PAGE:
Colonial History, Education, Geography, Military and Wartime History, Reading, Regional Studies, Revolutionary War, Social Studies, Writing
Up to 60
in the park
NYS Content: Gr. 4: Rev War in NYS Gr. 5: US Hist Gr. 7: Un.2, Sect.3, Obj.4 NYSED Standards: 1,2,3,5 US Standards: Gr. 4: 1 A,B; 2 A,B; 3 A-E; 4 B,C,E; 6 A; 8 B,C Gr. 5,7,8: Era 2 St. 1 A,B; 2 A,C; 3 B,C; Era 3 St. 1 A,C; 2 A,C
Battle of Saratoga, Battles of Saratoga, Saratoga Battlefield, Revolutionary War, American Revolution, military history, history, social studies, geography
Textbooks, maps, pictures, movies, and websites can all be useful tools for understanding history. Getting a “sense of place,” a feeling of connectedness with a location and the events that occurred there, can best (only?) be had by personally experiencing the place. This activity accompanies a battlefield tour during the course of a visit to Saratoga National Historical Park.
Students will be able to:
describe the roles geography played in the Battles of Saratoga
describe how both American and British forces made use of geography in the battles
develop an appreciation for the area where the battles occurred
While Saratoga National Historical Park is unable to send rangers out with school groups to conduct guided tours, ready-to-use materials like this, plus our official park map and brochure, greatly contribute to a meaningful educational experience for students and teachers alike.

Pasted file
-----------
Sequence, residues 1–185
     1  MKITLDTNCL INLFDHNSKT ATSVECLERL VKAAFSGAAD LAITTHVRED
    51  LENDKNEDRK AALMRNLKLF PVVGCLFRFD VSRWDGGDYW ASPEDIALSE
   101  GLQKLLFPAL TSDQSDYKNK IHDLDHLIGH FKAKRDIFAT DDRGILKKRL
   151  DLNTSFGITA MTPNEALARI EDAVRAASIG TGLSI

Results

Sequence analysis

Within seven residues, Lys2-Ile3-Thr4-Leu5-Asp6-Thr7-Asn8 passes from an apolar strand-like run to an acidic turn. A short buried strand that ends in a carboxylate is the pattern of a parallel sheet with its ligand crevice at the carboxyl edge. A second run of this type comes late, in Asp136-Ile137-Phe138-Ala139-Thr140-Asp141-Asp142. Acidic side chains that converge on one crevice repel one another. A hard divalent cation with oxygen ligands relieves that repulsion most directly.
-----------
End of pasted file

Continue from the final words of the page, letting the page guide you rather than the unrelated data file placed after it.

Reading through the worksheet with your students will help introduce and guide them through the activity.
Why go on field trips like this? Even the best in-class resources--books, websites, posters, etc.--cannot convey the "sense of place" one gets from standing on the very ground where important events took place. This feeling of connection and appreciation is unique.
Due to time constraints, most schools can only visit 5 of the 10 wayside interpretive stops along the tour road. For these, we recommend a streamlined tour that highlights the more critical stops; the tour worksheet uses these stops.
Read through the activity in advance. At each stop, reading aloud the introductory text for the tour stop will help put that site in context for your students. Then, have them complete the questions for that site.
Whenever possible, a few minutes should be allowed for students to physically explore the tour stop; a sense of connection with and appreciation for the historic site is a crucial part of the battlefield tour experience.
Connections? This IS Saratoga Battlefield, the place where the "turning point of the American Revolution" occurred!
Have students create their own maps or models of the battlefield, use Google Maps to make and label a map, create their own written battlefield tour, conduct interviews of fellow students to ask about their experiences, perhaps even create a video presentation to share with next year's visiting students.
FORTIFICATIONS --constructed defensive positions; here, they were built with logs and piled earth ARTILLERY --cannon, singular or plural RIDGE --long, raised geographic feature, often overlooking a lower area REDOUBT (re-DOWT or RE-dowt) --temporary field fortification built of a zig-zagging log wall (design gives defenders overlapping lines of fire), either vertical or horizontal logs, with 2-4 feet of dirt piled up against the wall in front of artillery positions, and with cut branches piled up 5-10 yards in front of the line as another barrier to attacking troops